Thursday, April 14, 2011

Strength and Coordination

Dad has his second appointment with the occupational therapist today.  After his last appointment, he wasn't sure going again would be very helpful, but I think today helped to change his mind.  Because I wasn't at the first appointment, the therapist shared with me some of dad's results.  His weakest areas are in memory and processing.  He also had a significant grip strength difference between his hands, a 37 lbs. difference. 

The therapist first laid out what he had set as goals for dad to complete in the next four weeks. 

1.  Maintain a regular routine of strength and coordination training for his right hand and arm.
2.  Increase energy conservation efforts.
3.  Become complete independent in all self-care areas. 
4.  Keep track of daily tasks and activities in a notebook.

We went through each goal individually and discussed them.  Mark, the occupational therapist, began discussing energy conservation (goal 2).  And by this, we don't mean light bulbs or energy star appliances.  Many in recovery have a tendency to try to do too much at one time rather than try to space activities throughout the day allowing for breaks and resting periods.  When this happens they tend to operate in peaks and valleys, pushing themselves to do to much and then crashing for hours (or days) at a time.  I've seen dad go through this cycle in the short time I've been back.  The goal here is to operate on more of a gentle wave (think cosine or sine wave) and not peaks and valleys (tangent waves).   Keeping track of dad's daily activities in a notebook (goal 4) is designed to assist with this effort as well.

Since his last visit, dad has become completely independent in his self-care (goal 3).  We don't even have to tie his boots anymore!  Mark was impressed and marked this goal as complete. 

The last 30 minutes of the session was devoted to learning and practicing new strength and coordination activities for dad's right hand.  As the exercises were introduced, I found myself trying each one to check my own reaction and abilities.  They range from squeezing puddy to making finger rings with each finger tip.  Some exercises he was really good at, but others he really struggled with.  He told Abbie and I earlier today that even from the time he was in scouts, he could never make scout sign without pushing his pinkie and thumb together with his left hand.  Dad was able to feel within a few repetitions of these exercises that they would work his muscles.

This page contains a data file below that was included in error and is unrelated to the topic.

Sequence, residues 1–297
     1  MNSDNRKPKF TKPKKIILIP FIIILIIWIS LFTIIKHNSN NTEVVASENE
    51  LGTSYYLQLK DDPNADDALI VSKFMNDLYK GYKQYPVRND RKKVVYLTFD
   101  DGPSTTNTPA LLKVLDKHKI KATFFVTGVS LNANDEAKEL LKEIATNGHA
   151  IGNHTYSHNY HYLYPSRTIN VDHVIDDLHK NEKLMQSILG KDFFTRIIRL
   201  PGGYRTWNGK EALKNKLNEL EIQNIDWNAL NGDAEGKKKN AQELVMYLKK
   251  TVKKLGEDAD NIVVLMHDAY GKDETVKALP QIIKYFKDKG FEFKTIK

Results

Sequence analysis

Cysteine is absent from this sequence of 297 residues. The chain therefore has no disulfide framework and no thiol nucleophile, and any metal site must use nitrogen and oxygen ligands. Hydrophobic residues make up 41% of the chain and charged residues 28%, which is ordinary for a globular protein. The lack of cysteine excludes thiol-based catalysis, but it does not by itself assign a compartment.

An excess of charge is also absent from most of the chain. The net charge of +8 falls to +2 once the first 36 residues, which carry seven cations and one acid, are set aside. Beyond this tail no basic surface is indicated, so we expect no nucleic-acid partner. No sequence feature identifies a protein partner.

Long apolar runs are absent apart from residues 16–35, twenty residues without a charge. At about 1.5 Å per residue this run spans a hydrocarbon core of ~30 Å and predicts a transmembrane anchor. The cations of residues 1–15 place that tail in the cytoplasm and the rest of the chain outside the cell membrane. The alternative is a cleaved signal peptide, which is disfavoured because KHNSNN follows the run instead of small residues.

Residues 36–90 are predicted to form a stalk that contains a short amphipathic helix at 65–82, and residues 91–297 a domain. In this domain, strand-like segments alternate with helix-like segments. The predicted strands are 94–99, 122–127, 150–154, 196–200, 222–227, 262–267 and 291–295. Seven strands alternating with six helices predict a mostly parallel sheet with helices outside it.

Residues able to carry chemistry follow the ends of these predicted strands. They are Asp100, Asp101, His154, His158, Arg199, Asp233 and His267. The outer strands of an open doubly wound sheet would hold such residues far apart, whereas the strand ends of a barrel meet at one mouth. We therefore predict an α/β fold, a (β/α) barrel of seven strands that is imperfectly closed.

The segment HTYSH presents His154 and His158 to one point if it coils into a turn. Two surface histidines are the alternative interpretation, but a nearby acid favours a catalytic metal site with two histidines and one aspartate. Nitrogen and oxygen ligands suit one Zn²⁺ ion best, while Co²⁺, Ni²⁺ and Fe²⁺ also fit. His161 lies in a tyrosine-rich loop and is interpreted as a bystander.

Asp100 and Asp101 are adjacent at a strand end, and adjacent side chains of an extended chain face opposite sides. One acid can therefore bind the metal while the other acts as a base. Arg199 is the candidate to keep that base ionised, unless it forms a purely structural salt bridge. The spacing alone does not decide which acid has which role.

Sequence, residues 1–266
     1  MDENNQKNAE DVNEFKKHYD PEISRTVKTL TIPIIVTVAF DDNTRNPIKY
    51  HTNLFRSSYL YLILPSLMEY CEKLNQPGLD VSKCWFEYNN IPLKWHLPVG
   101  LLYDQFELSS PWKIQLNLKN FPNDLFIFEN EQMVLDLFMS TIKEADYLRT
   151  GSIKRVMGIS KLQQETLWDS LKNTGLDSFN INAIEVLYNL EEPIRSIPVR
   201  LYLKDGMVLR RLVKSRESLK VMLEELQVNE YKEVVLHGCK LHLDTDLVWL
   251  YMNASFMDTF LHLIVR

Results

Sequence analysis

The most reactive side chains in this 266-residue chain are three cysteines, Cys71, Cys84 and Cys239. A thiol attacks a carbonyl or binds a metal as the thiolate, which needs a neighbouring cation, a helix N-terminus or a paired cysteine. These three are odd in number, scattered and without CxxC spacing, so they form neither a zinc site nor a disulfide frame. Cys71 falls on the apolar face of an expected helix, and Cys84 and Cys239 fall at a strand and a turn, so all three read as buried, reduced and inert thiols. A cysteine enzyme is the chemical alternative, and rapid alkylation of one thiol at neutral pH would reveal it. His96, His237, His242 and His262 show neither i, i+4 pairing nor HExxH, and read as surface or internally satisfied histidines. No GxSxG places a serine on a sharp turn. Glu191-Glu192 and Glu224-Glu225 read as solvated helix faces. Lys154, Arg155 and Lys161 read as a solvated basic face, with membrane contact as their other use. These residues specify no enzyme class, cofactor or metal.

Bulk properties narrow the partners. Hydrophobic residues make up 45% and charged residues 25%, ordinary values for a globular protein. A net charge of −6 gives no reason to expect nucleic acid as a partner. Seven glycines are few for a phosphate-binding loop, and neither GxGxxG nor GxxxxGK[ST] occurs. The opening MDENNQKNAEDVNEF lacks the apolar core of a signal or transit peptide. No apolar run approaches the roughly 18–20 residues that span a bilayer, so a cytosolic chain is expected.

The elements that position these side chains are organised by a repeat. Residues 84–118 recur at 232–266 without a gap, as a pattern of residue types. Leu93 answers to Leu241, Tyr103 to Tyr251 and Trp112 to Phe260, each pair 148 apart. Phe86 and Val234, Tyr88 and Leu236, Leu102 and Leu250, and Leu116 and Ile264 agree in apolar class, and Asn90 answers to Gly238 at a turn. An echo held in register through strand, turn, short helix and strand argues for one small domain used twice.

After his first visit, he wasn't sure that the games (assessments) would be worth his time.  But I think after today he felt a little differently.  It was obvious there were things he needed to improve on and the therapist gave him concrete ways to do that. 

On a personal note:  I'm glad to be back in Salt Lake with my family.  Melody and I switched places last week while she was on spring break.  Dad has improved significantly while I was gone.  His speech seems clearer and he's awake more during the day.  His balance is improving as well.  I'm excited to see his progress.  Next week will bring a whole new world as we begin radiation and chemotherapy.


  1. It is great to hear of his improvement. We continue to pray for you David, as you start into the radiation and chemotherapy. We love you all. Aunt Jenny

    Glad to hear of the great progress.


  3. Abbie tried most of the assessments herself the week before. I can't wait to visit in a few weeks and see him tie his own shoes!

  4. Dave, Keep it up Never give up Dad

  5. Hi all you! great to read about the good progress Dave! It's amazing how much we take for granted that we automatically do every day without thinking about it. Our bodies and minds are way amazing! We wish you well in the coming weeks with the next steps of your recovery. We send love and prayers. Keep up the good work! Love, Dave & Dix

  6. Hey, I thought about bringing you a Jack breakfast sandwich back from Idaho . . . but we both know it never would have made it!